So how do you prove that your program will work correctly at least in the majority of cases? It needs to be tested hard, rigorously, brutally, unfairly. This doesn’t mean that you should test it beyond the limits of what is feasible or reasonable. Your text-editing program doesn’t have to be able to be able to open your email or edit half the HTML files on the web at the same time (unless you’re writing an Emacs super-clone), but it does have to handle multiple large files open at the same time, color syntax properly and not choke on large copy/paste operations. Deciding what is necessary to test and what can be deemed as outside your programs operating parameters can be a bit tricky at times, but it leads into what may be the more important role of testing in programming: testing forces you to think about your program design.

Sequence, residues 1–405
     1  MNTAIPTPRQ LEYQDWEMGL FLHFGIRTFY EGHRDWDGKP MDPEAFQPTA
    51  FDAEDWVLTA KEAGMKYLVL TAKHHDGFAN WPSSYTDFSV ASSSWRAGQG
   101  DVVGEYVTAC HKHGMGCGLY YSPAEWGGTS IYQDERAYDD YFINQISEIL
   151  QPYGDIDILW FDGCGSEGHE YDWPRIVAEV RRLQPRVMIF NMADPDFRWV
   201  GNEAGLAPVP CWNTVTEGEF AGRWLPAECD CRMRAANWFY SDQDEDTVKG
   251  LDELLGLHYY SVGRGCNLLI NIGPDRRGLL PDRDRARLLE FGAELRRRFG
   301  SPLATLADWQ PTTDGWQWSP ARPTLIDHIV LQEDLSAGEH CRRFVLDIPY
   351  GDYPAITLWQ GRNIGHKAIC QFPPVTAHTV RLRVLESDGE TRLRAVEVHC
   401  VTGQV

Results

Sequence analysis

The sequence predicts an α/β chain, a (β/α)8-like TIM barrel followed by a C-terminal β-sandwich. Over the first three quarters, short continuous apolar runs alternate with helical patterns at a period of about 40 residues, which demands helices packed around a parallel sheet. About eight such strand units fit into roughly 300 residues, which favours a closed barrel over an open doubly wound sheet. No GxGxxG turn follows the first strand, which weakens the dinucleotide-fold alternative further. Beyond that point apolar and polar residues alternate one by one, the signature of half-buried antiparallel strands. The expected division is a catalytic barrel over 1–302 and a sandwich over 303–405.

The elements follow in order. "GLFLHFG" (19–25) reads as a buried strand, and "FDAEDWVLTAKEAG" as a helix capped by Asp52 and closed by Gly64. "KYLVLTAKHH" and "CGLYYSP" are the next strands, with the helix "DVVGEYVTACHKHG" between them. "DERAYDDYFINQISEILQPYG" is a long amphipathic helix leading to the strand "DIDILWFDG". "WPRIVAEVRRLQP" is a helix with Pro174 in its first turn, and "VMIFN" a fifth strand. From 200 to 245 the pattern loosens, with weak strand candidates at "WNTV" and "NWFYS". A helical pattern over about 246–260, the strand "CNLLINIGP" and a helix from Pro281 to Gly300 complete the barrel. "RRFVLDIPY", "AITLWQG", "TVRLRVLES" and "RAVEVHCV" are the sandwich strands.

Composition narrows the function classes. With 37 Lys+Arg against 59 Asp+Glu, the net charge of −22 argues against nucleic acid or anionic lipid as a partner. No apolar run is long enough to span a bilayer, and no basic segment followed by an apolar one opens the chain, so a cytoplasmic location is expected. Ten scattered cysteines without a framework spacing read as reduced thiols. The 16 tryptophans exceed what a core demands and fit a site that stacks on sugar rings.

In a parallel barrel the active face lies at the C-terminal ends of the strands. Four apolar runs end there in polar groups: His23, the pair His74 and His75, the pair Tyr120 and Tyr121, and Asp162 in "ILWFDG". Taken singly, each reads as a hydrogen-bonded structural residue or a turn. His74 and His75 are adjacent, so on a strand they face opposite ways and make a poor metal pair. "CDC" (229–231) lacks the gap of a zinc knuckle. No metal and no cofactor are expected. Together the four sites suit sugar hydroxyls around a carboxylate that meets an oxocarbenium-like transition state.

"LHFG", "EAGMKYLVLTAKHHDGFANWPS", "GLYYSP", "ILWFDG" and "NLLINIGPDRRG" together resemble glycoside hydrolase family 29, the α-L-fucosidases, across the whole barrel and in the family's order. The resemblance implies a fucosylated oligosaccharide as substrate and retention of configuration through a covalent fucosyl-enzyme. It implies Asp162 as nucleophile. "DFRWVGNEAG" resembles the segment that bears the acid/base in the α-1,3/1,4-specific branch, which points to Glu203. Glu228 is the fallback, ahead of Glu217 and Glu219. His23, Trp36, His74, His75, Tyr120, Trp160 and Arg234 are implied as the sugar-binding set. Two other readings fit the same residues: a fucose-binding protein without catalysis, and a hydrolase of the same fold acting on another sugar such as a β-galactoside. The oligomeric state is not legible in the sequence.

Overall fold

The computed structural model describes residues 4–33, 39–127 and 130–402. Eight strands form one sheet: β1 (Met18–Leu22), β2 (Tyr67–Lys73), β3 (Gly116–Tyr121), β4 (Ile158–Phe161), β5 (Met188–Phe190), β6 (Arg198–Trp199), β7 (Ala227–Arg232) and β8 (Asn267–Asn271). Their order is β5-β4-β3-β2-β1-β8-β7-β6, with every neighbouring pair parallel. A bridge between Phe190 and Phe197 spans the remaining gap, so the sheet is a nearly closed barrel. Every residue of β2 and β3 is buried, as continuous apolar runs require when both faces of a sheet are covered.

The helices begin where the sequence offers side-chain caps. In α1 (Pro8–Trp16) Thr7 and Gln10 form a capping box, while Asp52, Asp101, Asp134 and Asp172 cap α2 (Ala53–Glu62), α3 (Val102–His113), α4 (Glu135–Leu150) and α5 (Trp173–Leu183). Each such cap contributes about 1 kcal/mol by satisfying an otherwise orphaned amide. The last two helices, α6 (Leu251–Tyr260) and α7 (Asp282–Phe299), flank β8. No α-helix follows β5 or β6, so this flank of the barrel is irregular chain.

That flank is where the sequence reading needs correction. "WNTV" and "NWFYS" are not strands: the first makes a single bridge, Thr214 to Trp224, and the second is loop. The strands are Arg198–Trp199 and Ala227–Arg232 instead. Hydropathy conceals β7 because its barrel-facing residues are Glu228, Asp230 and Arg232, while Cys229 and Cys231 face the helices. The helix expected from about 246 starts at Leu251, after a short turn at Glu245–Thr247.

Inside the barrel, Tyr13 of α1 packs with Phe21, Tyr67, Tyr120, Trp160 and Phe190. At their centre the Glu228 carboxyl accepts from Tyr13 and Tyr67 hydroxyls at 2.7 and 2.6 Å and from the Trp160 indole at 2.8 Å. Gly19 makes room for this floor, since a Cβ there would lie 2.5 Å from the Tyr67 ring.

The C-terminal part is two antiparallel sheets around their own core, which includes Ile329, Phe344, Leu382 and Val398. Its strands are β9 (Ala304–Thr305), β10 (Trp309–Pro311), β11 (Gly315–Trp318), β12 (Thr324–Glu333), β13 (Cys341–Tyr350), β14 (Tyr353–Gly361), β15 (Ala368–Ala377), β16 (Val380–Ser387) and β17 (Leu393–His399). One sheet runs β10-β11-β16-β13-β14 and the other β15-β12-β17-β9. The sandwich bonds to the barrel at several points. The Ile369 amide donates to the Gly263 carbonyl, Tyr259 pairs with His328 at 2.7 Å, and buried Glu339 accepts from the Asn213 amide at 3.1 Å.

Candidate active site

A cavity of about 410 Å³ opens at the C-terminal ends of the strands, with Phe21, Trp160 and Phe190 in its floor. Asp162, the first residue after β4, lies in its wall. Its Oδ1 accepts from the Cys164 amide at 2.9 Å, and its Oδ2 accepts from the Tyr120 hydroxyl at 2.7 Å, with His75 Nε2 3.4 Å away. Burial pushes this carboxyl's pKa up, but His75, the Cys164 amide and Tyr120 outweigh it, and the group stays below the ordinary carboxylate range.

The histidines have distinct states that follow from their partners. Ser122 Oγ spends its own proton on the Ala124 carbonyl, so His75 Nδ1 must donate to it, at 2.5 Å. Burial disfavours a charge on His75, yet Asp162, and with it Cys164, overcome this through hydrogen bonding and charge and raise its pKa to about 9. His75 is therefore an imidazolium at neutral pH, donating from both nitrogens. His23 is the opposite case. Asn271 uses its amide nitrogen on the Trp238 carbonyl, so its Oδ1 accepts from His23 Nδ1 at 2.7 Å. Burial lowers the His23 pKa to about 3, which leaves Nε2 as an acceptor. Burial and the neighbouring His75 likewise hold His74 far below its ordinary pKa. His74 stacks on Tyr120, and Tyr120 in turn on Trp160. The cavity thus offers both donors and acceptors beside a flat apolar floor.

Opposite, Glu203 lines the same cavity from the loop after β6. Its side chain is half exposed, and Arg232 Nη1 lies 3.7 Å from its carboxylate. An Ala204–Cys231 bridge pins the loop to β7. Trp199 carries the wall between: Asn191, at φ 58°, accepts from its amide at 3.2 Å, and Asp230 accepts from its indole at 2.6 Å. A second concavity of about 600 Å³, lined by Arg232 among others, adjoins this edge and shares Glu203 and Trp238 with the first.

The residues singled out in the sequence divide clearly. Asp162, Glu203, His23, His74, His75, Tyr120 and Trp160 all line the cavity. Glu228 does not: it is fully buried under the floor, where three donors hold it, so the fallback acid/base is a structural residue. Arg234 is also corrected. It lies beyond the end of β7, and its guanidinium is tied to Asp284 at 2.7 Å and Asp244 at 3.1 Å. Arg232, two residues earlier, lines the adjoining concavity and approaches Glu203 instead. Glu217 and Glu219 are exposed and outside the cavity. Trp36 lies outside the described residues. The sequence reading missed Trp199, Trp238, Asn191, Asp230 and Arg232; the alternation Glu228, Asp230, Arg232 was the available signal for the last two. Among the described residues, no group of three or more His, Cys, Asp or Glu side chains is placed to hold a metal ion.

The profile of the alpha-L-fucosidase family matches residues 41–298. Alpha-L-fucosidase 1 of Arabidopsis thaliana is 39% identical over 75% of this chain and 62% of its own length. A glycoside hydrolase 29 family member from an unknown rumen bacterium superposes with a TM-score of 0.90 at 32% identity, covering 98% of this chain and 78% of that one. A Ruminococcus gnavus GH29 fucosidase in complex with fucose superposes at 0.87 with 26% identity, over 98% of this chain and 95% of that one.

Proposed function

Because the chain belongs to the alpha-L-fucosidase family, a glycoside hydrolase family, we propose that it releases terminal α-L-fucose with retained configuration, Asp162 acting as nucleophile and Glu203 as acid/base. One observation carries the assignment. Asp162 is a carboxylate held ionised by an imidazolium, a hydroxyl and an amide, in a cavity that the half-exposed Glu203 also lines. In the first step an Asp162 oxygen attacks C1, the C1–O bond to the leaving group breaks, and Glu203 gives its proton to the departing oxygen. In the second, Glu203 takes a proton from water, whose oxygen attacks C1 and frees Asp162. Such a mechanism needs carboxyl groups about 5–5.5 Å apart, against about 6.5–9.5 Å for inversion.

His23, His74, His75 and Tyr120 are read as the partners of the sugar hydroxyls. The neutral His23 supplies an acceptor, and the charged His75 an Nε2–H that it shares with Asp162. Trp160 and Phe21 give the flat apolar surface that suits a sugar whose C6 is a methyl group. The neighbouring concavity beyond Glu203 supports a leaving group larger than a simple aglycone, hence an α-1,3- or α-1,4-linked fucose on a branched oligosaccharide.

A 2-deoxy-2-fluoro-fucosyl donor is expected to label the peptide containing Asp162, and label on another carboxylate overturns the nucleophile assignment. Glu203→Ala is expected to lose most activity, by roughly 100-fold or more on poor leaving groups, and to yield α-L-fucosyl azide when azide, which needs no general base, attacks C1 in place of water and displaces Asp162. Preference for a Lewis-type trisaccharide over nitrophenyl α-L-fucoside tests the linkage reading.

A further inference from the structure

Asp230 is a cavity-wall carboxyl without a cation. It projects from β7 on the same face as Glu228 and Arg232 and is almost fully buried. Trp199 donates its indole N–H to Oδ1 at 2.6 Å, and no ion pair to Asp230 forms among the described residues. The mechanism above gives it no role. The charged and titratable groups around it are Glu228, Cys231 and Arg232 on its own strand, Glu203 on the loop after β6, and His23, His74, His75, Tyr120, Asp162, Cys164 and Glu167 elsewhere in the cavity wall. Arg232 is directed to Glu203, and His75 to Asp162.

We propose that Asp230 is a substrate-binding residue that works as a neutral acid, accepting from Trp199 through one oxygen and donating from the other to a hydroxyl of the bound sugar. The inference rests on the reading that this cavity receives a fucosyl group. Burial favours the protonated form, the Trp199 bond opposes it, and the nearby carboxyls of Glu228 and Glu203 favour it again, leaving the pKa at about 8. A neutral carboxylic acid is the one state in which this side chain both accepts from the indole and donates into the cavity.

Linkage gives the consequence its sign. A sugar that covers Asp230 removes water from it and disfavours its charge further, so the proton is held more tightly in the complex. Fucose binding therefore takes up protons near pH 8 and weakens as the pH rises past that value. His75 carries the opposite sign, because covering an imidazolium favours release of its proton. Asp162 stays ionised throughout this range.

Fans of unit-testing often stress that unit-tests should be written first, before any of the actual program is written. This is not a easy concept for most programmers to grasp, and even fewer actually put it into practice. How are you supposed to test something when it doesn’t even exist yet? The key idea is that you’re not so much testing your code, but rather what your code should do. To some extent, it involves taking on an outsider’s perspective: a user doesn’t care how the program is written, only if it works. But if you’re writing tests for your own code, you also start thinking about how your program is structured. The idea of unit-testing is that you should test the smallest reasonable components before stepping up to larger portions of code. So you start thinking about what are the smallest parts of your code which need independent testing. Which parts can be safely folded into others and which ones have to be broken down? It also gives an idea of the interactions betweens the parts: what sort of data needs to be pushed around, how is that data affected and is there a chance that the data will be corrupted in all the moving about.